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ARLINGTON HEIGHTS, Ill (APRIL 21, 2021) – Your nose may already be aware of the findings from a recent study, namely that climate change has made pollen season longer and worse throughout North America. It’s definitely not good news for those who suffer with nasal allergies.
“May is Asthma and Allergy Awareness Month,” says allergist Luz Fonacier, MD, president of the American College of Allergy Asthma and Immunology. “It’s a perfect time to examine why you may be suffering more with your allergies, and what you might be able to do about it.”
The study that’s been in the news examined pollen counts from 60 North American stations between 1990 and 2018. The researchers found that the pollen seasons for plants like trees, grasses, and weeds showed a 20-day increase in length and a 21% increase in pollen concentration across North America during the 28-year time frame.
You may be wondering how climate change and increased temperatures make your nasal allergy symptoms worse. Three things happen related to global warming that can make your allergies miserable:
- First, the growing season of plants is longer and starts earlier than in the past, so the length of time pollen is in the air to cause symptoms has increased.
- Not only is the season longer, but the amount of pollen produced by each plant is greater. According to the American College of Allergy, Asthma and Immunology, one ragweed plant can produce as much as 1 billion pollen grains.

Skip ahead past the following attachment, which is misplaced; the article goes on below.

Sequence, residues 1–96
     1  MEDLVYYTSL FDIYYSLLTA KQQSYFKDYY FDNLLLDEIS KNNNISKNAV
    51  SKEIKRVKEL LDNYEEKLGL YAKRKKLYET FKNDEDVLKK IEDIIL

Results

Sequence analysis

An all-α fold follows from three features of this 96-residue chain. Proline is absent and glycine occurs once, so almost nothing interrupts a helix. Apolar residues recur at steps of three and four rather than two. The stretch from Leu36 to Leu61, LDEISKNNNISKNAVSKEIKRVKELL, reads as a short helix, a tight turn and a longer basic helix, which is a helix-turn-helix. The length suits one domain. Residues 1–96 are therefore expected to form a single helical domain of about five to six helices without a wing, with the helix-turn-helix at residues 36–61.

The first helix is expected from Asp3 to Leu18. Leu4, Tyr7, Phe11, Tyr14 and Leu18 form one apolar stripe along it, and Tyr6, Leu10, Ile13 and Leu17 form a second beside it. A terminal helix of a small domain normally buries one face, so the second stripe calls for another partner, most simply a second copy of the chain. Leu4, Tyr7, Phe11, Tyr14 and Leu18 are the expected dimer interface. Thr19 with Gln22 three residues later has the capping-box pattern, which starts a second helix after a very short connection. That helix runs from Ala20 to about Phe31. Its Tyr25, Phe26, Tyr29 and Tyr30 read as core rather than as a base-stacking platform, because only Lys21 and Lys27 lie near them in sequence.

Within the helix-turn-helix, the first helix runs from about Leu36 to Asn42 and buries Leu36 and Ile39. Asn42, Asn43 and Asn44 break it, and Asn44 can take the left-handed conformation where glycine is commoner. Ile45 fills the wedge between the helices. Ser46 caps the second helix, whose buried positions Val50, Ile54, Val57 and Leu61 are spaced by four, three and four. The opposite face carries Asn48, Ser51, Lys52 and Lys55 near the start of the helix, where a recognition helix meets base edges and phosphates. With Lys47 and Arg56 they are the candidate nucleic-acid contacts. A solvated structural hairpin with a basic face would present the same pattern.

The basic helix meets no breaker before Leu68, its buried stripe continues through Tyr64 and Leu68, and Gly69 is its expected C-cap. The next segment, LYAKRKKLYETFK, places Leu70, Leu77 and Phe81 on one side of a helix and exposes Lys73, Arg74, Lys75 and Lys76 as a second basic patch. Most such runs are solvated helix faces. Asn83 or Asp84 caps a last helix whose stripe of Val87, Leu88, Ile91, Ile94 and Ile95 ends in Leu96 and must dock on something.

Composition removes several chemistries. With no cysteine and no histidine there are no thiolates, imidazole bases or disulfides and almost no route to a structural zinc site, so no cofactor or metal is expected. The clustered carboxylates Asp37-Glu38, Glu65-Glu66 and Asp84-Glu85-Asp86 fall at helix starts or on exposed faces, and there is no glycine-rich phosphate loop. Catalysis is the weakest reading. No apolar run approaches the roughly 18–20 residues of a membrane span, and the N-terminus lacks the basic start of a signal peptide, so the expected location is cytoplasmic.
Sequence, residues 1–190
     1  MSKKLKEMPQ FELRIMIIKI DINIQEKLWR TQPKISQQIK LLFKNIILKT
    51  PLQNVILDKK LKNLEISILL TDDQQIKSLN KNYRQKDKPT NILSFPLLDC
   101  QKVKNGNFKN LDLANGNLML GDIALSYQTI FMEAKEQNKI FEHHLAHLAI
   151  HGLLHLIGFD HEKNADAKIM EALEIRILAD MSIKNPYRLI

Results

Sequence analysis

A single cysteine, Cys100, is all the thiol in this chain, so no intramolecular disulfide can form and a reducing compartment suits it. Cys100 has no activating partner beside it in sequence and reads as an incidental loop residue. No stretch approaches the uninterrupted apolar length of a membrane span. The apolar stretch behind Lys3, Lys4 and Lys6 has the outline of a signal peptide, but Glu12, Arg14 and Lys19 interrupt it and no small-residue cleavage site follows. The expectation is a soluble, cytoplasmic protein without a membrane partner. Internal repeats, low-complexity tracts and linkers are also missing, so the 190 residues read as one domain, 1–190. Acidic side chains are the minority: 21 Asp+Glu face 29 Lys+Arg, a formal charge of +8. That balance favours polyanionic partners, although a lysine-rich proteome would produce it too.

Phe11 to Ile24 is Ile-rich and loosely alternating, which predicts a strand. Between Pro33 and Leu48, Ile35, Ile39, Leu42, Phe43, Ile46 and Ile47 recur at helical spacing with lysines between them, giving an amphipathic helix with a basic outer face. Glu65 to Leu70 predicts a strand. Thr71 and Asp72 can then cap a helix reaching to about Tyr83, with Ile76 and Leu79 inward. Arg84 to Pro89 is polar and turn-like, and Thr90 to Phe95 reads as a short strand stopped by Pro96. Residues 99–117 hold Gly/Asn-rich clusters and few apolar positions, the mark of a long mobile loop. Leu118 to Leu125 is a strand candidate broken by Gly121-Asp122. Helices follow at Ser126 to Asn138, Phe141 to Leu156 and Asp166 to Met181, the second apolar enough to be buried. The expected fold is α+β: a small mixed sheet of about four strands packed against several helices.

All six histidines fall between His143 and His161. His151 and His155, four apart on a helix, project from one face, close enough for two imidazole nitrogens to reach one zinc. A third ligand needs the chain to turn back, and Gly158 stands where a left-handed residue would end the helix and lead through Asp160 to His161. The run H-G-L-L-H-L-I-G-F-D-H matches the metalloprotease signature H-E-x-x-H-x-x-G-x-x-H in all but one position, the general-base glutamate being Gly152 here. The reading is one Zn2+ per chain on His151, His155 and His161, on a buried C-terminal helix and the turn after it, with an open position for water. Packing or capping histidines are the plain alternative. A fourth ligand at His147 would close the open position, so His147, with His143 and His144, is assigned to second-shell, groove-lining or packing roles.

- Lastly, and very importantly, the pollen which is produced is more allergenic. That means it is more likely to trigger an allergic reaction with fewer grains of pollen in the air than pollen which is not as allergenic. In other words, the potency of the pollen is affected. It’s this triple play that is leading to more severe nasal allergies, which impair your quality of life.
What’s the best way to deal with a worsening pollen season? “Get ahead of it,” says Dr. Fonacier. “If you know it’s likely that your allergy symptoms will arrive earlier in the spring or fall season, start taking your medications sooner. If you begin your medications 2-3 weeks before your symptoms begin in earnest, chances are your suffering will be lessened.”
Pollens from trees are higher in the spring, grasses in the summer and weeds in the fall. This may vary depending on weather conditions and where you live. If possible:
- Keep windows closed during pollen season, especially during the day. Use your air conditioning whenever possible.
- To avoid pollen, know which pollens you are sensitive to and then check pollen counts. In spring and summer, during tree and grass pollen season, levels are highest in the evening. In late summer and early fall, during ragweed pollen season, levels are highest in the morning.
- Take a shower, wash your hair, and change clothing after working or playing outdoors.
- Wear sunglasses and a hat outside to keep pollen out of eyes and hair. Your COVID-19 mask could provide a protective barrier against pollen.
If you think your fall and spring allergies are getting worse each year, you are probably right. If staying indoors during these times of year and OTC allergy medications are not doing the trick to control your symptoms, find a board-certified allergist to help get relief. Use the ACAAI Find an Allergist tool to locate an allergist in your area.